Martin Spence tells the TUC that illegal file-sharing is a threat to jobs in the creative sector. Pic: Rod Leon
16 September 2009
BECTU has secured the support of TUC delegates for its stance against illegal file-sharing.
Tony Lennon holds up a copy of BECTU's journal to illustrate a point about press freedom. Pic: Rod Leon
The union's motion, which was debated together with a proposition from the NUJ on public service broadcasting, met with overwhelming support. Assistant general secretary Martin Spence spoke on this topic.
In another double-act, BECTU and shopworkers' union, USDAW, joined forces to press the case for the national minimum wage given the rumblings of a Conservative attack should the party succeed at the next election. Not suprisingly, the arguments struck a chord with delegates and the motion was enthusiastically accepted. Read the full text of the motion on the national minimum wage.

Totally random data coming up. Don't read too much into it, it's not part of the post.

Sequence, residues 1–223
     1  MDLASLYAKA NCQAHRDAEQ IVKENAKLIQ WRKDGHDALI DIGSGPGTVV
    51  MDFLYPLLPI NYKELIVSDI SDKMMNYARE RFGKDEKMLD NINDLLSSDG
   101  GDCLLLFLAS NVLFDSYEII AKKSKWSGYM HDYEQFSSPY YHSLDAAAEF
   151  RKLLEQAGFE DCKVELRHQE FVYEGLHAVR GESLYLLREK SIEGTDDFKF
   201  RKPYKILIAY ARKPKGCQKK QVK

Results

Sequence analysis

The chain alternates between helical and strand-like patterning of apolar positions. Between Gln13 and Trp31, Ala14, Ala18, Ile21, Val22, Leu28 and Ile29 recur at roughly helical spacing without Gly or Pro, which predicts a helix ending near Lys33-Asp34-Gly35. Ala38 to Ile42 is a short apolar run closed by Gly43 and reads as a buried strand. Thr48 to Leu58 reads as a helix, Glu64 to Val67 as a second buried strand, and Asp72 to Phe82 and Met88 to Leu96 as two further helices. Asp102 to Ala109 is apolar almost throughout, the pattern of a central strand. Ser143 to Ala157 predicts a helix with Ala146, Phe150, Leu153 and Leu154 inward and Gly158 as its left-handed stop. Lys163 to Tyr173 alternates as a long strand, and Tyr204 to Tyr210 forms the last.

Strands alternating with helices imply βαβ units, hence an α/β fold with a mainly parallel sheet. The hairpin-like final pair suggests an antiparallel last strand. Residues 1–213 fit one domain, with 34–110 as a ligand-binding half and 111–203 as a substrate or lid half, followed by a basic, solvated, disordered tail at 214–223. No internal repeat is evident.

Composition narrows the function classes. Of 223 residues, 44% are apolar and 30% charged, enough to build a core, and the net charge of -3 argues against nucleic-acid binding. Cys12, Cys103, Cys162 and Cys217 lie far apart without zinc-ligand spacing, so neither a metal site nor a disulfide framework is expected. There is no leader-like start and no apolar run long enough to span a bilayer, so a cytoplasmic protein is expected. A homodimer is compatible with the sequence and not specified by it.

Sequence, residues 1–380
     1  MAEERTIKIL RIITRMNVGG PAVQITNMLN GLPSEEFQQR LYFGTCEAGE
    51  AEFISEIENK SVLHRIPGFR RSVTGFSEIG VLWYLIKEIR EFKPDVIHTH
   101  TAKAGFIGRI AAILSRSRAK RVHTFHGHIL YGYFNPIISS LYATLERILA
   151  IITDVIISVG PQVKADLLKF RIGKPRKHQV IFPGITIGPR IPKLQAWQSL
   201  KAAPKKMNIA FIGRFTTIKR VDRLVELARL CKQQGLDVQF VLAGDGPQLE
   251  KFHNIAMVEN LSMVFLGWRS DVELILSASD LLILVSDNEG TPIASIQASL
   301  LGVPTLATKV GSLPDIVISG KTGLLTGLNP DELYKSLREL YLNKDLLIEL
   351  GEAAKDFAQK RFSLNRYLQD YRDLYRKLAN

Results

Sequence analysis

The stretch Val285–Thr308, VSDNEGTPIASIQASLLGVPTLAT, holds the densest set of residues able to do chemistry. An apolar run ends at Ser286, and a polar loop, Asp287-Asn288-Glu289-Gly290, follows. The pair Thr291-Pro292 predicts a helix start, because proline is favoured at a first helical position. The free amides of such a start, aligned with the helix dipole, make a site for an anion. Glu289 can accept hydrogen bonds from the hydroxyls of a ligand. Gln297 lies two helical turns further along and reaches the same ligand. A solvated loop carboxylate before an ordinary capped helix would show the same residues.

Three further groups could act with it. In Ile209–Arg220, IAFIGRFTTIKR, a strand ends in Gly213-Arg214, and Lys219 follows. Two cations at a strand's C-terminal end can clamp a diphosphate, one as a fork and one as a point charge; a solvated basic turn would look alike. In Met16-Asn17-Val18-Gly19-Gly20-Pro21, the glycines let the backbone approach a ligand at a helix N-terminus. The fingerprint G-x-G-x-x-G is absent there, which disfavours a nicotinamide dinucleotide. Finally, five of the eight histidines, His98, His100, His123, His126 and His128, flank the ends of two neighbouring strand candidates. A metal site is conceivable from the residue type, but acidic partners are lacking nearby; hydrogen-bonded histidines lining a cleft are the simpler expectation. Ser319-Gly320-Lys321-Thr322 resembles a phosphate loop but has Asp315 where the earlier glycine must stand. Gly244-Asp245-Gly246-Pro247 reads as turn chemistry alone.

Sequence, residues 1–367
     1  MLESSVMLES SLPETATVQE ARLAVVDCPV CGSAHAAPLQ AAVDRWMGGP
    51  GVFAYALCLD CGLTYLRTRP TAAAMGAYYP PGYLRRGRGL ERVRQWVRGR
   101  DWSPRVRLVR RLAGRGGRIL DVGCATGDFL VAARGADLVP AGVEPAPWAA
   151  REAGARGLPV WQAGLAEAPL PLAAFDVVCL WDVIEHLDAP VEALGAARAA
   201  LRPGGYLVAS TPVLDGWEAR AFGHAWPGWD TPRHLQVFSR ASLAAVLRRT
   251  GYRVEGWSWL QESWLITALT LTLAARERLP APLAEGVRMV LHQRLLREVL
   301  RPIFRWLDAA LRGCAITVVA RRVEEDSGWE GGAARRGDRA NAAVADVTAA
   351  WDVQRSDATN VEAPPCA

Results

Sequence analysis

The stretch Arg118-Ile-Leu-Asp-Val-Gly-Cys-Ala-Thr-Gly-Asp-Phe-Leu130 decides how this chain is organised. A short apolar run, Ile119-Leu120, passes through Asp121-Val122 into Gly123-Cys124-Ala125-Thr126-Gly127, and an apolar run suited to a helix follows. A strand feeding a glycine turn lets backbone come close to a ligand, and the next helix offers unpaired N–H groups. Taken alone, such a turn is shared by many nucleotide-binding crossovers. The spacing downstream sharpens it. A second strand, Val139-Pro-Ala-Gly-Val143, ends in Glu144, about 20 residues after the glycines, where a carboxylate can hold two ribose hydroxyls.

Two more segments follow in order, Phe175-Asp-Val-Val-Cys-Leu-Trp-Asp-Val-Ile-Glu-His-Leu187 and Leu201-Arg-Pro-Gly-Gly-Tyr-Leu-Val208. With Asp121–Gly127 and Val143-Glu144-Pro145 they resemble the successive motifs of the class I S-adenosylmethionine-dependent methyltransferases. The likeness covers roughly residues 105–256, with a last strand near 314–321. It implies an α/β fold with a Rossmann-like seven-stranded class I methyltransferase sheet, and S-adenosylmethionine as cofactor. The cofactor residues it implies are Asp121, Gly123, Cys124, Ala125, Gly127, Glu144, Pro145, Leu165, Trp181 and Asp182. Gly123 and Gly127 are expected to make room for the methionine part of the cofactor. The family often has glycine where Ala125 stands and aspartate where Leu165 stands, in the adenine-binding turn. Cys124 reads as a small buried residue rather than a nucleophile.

As well as presenting the union's arguments on the national minimum wage, president, Tony Lennon, underlined BECTU's commitment to the fight for media freedom. Read the full text of the motion on media freedom proposed by the NUJ and seconded by BECTU.
The union journal has been celebrated this year for its challenge to Kent police over its treatment of the media.
Up to the minute details of events in Liverpool have been provided by the TUC's communications team on Congress Voices.The text of all motions, including comment, blogs and pictures is available there.
BECTU was repesented at this year's TUC by Tony Lennon, Martin Spence and NEC members, Jack Amos, Jo Livesey and Mark Rivers.